COLCHESTER, England, May 2 (Reuters) Four British soldiers today denied charges that they forced an Iraqi teenager into a canal where he drowned.
James Cooke and Martin McGing, both 22, and Joseph McCleary, 24, of the Irish Guards and Colour Sergeant Carle Selman, 39, of the Coldstream Guards, each stood in a makeshift courtroom to plead not guilty of manslaughter in the death of Ahmed Karheem.
If convicted at the court martial, the soldiers would be the first British troops punished for the death of an Iraqi and could face a maximum sentence of life in jail.
Karheem, 15, was among a group of four young Iraqis that the soldiers captured as suspected looters while on patrol in Basra in May 2003.
On the final day of their tour in Iraq, the soldiers drove the Iraqis in their Warrior armoured vehicle to a bridge outside town and made them swim, prosecutor Orlando Pownall told a seven-man military panel acting as jury.
Karheem, an asthmatic who could not so much as tread water, panicked and drowned in swirling currents.
The soldiers drove away without doing anything to save him.
His body was found near the bridge two days later.
''A clear picture emerges of a common design or plan to force the alleged looters into the water to teach them a lesson,'' Pownall said.
''All sober, reasonable people would realise that their unlawful actions must have subjected the 15-year-old boy to the risk of at least some physical harm.'' The room was also the scene of the only other trial of British soldiers accused of killing an Iraqi. Seven soldiers were cleared of murder last year when their trial collapsed because the judge found the Iraqi witnesses were unreliable.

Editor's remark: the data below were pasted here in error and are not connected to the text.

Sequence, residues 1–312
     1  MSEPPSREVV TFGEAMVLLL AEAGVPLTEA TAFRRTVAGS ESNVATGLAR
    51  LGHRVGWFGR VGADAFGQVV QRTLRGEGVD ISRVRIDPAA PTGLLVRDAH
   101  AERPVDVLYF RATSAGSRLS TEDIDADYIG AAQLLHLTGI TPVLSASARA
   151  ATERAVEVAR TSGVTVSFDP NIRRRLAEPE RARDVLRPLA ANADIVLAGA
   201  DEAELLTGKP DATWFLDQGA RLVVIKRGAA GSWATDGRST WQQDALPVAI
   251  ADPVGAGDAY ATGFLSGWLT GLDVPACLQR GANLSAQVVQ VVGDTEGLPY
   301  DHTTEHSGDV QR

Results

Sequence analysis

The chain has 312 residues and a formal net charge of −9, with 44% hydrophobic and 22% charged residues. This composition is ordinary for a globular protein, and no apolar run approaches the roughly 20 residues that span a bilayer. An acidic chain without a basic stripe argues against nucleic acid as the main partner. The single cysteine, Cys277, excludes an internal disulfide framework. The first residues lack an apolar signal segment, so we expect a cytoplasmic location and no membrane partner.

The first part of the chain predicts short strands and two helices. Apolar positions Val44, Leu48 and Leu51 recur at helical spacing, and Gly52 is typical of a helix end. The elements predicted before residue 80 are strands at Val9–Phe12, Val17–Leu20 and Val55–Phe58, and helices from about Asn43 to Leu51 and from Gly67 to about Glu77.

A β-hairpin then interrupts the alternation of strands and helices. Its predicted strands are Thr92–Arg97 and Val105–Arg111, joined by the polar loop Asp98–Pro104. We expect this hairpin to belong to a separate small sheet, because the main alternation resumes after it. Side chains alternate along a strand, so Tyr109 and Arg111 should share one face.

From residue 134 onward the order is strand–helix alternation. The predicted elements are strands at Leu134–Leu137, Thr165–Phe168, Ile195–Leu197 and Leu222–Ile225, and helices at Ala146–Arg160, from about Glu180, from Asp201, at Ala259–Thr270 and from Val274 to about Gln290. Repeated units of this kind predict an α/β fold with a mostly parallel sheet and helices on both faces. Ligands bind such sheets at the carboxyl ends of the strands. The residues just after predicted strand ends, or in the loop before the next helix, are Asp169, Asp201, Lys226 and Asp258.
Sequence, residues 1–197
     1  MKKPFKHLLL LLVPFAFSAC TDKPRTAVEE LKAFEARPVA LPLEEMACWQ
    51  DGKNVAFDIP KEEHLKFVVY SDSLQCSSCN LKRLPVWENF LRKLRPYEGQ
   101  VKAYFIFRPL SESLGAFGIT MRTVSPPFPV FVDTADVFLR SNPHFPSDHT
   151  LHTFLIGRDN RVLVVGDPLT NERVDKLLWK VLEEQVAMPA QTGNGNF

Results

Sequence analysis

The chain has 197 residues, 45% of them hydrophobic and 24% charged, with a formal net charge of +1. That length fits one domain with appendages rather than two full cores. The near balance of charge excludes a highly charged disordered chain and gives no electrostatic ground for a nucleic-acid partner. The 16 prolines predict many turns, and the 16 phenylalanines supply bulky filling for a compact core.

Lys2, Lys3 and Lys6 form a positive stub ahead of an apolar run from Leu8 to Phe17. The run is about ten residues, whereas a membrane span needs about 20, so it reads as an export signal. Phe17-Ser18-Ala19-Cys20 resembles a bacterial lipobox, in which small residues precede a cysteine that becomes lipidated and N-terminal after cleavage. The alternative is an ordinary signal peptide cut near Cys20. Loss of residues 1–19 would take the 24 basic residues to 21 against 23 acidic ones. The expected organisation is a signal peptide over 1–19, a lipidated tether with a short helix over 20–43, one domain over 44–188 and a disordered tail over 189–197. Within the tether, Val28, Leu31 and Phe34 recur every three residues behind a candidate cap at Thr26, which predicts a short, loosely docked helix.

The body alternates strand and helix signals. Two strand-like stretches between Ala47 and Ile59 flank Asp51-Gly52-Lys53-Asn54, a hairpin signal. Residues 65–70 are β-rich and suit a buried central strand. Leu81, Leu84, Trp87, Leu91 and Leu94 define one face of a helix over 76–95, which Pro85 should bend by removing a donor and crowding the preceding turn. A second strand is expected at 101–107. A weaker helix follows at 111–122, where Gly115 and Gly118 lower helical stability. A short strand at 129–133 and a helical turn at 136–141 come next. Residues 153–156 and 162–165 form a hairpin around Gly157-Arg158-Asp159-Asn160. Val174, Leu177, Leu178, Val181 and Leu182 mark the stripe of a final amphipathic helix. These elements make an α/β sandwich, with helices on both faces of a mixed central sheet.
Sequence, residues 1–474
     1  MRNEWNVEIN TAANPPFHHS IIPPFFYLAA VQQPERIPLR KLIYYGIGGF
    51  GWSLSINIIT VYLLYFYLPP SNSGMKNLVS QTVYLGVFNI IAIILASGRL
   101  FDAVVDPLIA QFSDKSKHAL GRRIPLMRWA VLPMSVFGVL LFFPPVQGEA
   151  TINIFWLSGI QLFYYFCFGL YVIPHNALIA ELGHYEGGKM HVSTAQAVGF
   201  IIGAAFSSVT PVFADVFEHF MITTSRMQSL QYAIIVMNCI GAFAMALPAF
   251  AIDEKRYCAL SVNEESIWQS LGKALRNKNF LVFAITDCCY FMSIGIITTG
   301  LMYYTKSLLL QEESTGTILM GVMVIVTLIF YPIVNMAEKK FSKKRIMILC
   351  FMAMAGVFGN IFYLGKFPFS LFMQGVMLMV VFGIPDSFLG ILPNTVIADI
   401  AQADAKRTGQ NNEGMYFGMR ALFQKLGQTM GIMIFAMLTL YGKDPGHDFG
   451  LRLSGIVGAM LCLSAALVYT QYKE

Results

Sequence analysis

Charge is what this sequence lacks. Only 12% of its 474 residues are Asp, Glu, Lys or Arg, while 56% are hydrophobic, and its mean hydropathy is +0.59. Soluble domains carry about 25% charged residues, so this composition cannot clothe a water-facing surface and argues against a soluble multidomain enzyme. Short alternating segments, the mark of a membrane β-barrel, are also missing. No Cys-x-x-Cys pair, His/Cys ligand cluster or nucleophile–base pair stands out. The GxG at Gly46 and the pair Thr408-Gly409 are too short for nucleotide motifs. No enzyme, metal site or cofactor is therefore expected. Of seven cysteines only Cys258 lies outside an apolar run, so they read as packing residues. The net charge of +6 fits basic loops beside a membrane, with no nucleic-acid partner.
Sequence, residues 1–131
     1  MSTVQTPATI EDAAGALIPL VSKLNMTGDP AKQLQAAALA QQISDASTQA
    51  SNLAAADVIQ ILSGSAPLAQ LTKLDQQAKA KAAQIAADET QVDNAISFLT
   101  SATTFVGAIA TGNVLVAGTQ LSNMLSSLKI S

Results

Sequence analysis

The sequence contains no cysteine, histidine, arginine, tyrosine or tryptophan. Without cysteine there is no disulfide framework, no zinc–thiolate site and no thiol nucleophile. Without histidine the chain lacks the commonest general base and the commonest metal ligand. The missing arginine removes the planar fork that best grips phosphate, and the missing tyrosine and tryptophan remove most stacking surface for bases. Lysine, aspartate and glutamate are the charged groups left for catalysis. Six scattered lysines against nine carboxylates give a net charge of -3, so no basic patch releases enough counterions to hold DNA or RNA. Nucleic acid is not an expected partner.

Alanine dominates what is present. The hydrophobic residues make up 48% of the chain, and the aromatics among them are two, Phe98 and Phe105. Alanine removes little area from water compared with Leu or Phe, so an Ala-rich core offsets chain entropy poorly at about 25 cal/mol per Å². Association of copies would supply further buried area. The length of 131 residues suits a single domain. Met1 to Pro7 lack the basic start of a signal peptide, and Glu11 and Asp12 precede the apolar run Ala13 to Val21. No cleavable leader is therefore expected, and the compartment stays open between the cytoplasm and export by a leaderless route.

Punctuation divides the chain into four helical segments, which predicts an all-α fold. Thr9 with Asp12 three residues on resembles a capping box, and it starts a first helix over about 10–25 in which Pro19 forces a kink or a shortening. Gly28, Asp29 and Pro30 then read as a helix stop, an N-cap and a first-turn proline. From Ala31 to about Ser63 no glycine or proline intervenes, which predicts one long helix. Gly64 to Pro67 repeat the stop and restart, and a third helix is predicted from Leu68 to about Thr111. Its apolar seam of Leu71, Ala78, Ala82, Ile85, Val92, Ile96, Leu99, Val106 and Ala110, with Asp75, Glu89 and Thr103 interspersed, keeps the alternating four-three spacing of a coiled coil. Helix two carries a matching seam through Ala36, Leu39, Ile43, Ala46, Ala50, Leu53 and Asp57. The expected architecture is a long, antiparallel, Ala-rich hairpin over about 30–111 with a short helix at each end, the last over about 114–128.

The collapse of that case led to criticism of understaffed military police faced with the difficult task of investigating serious crimes in the Iraq war zone.
Commanders have complained that botched investigations are hurting the morale of troops in the field.
A third case against seven soldiers accused of killing an Iraqi hotel receptionist is due to be heard later this year. But British military prosecutors have so far had only limited success in securing convictions against troops in Iraq.
Three soldiers were convicted in 2005 over abuse of prisoners, but only after one had brought photos of the abuse to his local film lab to be developed.
The manslaughter trial of the four soldiers is expected to last up to five weeks. Prosecutors will summon Iraqi witnesses to testify by video link or in person, including one of the other suspected looters and the father of the victim.
Reuters PM GC2323